One painting that many are watching is the beguiling Spring, at Bernheimer-Colnaghi Fine Old Masters of Munich and London. The picture, priced at ?3 million (Dh15m), is a collaboration between Joos de Momper the Younger and Jan Brueghel the Elder, who worked together frequently on small-scale pictures during their respective careers, with De Momper focusing on landscapes and Brueghel on figures. "Works of this scale are really quite rare. When you see it from a distance, it really hits you with the kind of wall power that these monumental paintings should have," says Tim Warner-Johnson, the director of Colnaghi in London.
TEFAF is the world's foremost fair for art from before 1900. It is also one of the most profitable - dealers tend not to heap praise on fairs at which they don't also make money. Almost 300 galleries come to Maastricht to exhibit everything from paintings to jewels and tapestries. Contemporary art has even crept in recently. Some 68,000 visitors trooped through TEFAF last year. The mood in the trade this year is upbeat, not least because Old Masters fetched high prices at the major auctions in December and January. Warner-Johnson's gallery will show David and Bathsheba, a 1534 work by Lucas Cranach the Elder, with a price tag of more than ?5 million.
The London gallery Dickinson is hoping that Madonna and Child with the Infant Saint John by Sandro Botticelli, also known as The Rockefeller Madonna, will go for $15m (Dh55m). "Last year, people were a little more cautious, waiting to see what happened in the broader economy," says Warner-Johnson. "I think [this year] people feel much more reassured about the future." "There's a lot of money out there, and the problem is not demand, it's supply," says the New York dealer Richard Feigen, who will be in Maastricht with a Peter Paul Rubens oil sketch from around 1628, Two Captive Soldiers, priced at $7.5m. Feigen disputed the notion that the price might be too high, given its grim subject, for a family living room, but not for a museum. Two years ago the Getty Museum in Los Angeles spent $10m for an oil sketch by Rubens.
Currency volatility is also helping the market, Feigen believes. For buyers, "Old Masters are now a desirable asset class," he says. "They don't want euros - they're worried about Greece. They don't want sterling, which is tanking. They have been told that art is a good place to put money. They have also been told that Old Masters are cheap compared to 19th and 20th century art, and particularly compared to contemporary art."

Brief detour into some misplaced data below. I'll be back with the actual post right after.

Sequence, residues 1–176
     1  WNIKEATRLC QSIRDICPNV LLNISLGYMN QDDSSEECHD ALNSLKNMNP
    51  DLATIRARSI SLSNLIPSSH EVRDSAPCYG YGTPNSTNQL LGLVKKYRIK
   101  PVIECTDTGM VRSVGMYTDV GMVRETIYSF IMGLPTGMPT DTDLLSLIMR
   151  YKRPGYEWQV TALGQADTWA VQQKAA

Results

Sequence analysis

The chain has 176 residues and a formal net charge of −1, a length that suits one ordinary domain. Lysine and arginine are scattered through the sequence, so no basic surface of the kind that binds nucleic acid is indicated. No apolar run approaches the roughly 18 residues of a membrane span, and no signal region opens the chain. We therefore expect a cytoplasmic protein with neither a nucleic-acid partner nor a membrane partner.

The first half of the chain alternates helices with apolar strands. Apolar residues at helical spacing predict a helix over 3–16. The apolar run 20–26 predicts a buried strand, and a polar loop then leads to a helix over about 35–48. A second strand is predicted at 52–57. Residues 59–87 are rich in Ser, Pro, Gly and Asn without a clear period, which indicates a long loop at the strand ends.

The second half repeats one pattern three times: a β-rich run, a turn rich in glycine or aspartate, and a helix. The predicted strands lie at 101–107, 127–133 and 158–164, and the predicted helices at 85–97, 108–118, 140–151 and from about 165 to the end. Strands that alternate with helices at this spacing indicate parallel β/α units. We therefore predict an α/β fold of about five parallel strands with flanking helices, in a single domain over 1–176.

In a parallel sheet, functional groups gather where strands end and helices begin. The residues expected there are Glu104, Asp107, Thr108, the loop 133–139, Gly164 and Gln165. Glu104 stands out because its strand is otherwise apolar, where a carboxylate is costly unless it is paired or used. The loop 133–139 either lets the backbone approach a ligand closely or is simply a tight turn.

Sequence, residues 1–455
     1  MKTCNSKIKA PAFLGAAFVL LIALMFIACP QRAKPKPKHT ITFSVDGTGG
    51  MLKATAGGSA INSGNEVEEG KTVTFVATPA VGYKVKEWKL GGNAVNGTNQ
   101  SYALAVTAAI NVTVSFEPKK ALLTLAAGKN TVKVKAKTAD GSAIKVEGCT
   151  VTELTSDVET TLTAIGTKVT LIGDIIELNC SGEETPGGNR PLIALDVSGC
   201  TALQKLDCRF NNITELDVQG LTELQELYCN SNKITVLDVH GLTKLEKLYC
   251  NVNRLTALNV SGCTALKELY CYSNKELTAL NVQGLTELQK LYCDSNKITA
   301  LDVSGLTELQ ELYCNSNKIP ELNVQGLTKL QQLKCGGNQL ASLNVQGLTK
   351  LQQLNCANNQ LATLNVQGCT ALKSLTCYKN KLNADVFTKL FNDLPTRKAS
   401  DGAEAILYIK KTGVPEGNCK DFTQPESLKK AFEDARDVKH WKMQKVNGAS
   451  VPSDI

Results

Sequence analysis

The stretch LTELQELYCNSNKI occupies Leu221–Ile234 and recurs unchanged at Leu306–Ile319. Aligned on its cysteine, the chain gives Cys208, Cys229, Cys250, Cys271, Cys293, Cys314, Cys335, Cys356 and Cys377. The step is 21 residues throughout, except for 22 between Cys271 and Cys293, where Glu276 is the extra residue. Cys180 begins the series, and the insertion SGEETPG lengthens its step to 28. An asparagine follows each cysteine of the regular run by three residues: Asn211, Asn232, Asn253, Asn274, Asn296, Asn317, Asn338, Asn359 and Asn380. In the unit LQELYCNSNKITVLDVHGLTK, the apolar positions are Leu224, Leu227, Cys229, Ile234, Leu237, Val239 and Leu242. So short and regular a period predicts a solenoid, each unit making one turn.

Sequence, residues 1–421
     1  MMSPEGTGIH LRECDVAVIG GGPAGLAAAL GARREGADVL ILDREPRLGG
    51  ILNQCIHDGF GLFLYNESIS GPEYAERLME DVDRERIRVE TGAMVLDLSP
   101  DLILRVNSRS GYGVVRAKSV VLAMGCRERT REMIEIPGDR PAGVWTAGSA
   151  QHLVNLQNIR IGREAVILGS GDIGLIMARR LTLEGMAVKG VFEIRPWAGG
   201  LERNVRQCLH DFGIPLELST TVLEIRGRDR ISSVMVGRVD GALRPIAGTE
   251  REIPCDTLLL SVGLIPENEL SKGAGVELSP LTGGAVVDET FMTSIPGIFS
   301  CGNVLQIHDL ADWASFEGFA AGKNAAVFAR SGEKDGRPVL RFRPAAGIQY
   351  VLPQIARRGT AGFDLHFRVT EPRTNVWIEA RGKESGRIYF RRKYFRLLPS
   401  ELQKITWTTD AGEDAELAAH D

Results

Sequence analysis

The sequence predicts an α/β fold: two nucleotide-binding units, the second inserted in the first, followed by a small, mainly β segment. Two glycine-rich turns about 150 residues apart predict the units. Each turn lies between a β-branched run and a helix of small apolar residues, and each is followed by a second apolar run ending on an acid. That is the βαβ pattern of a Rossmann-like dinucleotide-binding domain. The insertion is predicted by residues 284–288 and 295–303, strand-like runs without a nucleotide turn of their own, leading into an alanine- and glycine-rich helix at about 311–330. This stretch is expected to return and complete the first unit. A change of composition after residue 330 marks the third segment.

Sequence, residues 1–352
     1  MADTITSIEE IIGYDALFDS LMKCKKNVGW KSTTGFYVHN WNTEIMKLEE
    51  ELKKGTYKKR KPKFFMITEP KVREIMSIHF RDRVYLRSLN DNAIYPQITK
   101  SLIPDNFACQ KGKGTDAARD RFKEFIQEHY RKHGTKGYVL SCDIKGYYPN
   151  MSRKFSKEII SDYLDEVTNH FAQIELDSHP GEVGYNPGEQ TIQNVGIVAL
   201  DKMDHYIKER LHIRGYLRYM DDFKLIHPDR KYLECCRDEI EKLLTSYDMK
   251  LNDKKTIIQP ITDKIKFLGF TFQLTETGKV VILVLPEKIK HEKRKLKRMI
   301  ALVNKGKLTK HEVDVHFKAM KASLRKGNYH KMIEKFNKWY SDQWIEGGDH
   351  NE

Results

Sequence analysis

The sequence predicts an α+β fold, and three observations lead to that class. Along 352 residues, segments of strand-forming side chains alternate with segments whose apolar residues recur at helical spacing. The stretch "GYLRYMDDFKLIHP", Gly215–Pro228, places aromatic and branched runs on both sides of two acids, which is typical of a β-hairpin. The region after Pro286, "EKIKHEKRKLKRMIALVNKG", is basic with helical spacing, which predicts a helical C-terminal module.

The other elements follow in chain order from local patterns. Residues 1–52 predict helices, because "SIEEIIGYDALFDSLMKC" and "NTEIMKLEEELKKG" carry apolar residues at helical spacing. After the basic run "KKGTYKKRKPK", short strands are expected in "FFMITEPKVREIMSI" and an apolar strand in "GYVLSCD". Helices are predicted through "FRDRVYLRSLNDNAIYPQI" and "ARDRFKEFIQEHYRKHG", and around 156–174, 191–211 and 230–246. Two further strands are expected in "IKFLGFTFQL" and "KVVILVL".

Museums are also in the market to buy at the moment. "A lot of the building programmes are finished, so now they're looking to put something on the walls," Feigen observes, noting that several American museums were travelling to Maastricht. "All the expensive works from the Christie's December Old Masters sale in London went to the United States," Feigen notes. Even without strong American buying during the past year, Michael Goedhuis of Goedhuis Contemporary of London says that his business hasn't declined. Goedhuis is showing contemporary Chinese ink painting and Chinese antique furniture because, he explains, US museums, including the Museum of Fine Arts Boston, are planning exhibitions of work from the contemporary Chinese New Ink Painting Movement next year.
Along with the possibility that American museums might buy those contemporary works, Goedhuis predicts that Chinese buyers will be at TEFAF as never before. "Of all the shows in the world, TEFAF will pull in this huge new reservoir of big hitters from China and East Asia," he says. "Maastricht is unassailable. It has the quality and it has the range. "The European and American collectors who were driving up the Chinese contemporary market have been shouldered out by a much tougher and richer breed of Chinese who are dedicated to buying Chinese art."
Range is now the operative word: the fair also includes antiquities, furniture and photography. In antiquities, Jerome Eisenberg of Royal-Athena Galleries is showing Roman statues of Aphrodite and Eros, with a 30-centimetre head of Aphrodite in marble selling for $485,000. "People are looking for solid investments - objects, sculptures, gems, paintings. The euro is soft. People are finding that they're better off in solid objects," he notes.
At the stand of Rupert Wace Ancient Art of London, another Aphrodite - this one a Roman marble Aphrodite from the late first or early second century, is priced at ?420,000. Less classic beauty is on view with watercolours by Egon Schiele at the stand of Richard Nagy of London (Nagy paid almost $7m for a Schiele drawing at Sotheby's London last month) and at Galerie Krugier, which is showing Pablo Picasso's late cubist Composition, Door and Key (1919), priced at ?8-9 million.
Not everything on view is new to the fair. At Bernheimer-Colnaghi, a painting of the New Testament evangelist St Mark by Franz Hals is on view, in the same booth where it failed to sell for ?5.8m last year. The picture was originally part of a set of the four authors of the gospels, which were acquired by the Russian empress Catherine the Great and then dispersed to churches in Ukraine in 1812. Separated from the others, St Mark was repainted to conceal the lion, the saint's attribute, in the background, and to add a lace ruff and sleeves of the more typical Dutch 17th century burgher. Cleaning in the late 20th century revealed the picture's true subject, and unveiled a tender tone of brushstrokes and palette that differentiated the work from those depicting Hals's signature ruddy Dutchmen.
Back at TEFAF for a second try? "If it's a great painting, it's a great painting," says Tim Warner-Johnson. "Given that Maastricht is the premier fair, for us it would be a missed opportunity not to hang it again." The European Fine Art Festival 2010 is open 12-21 March in Maastricht, the Netherlands.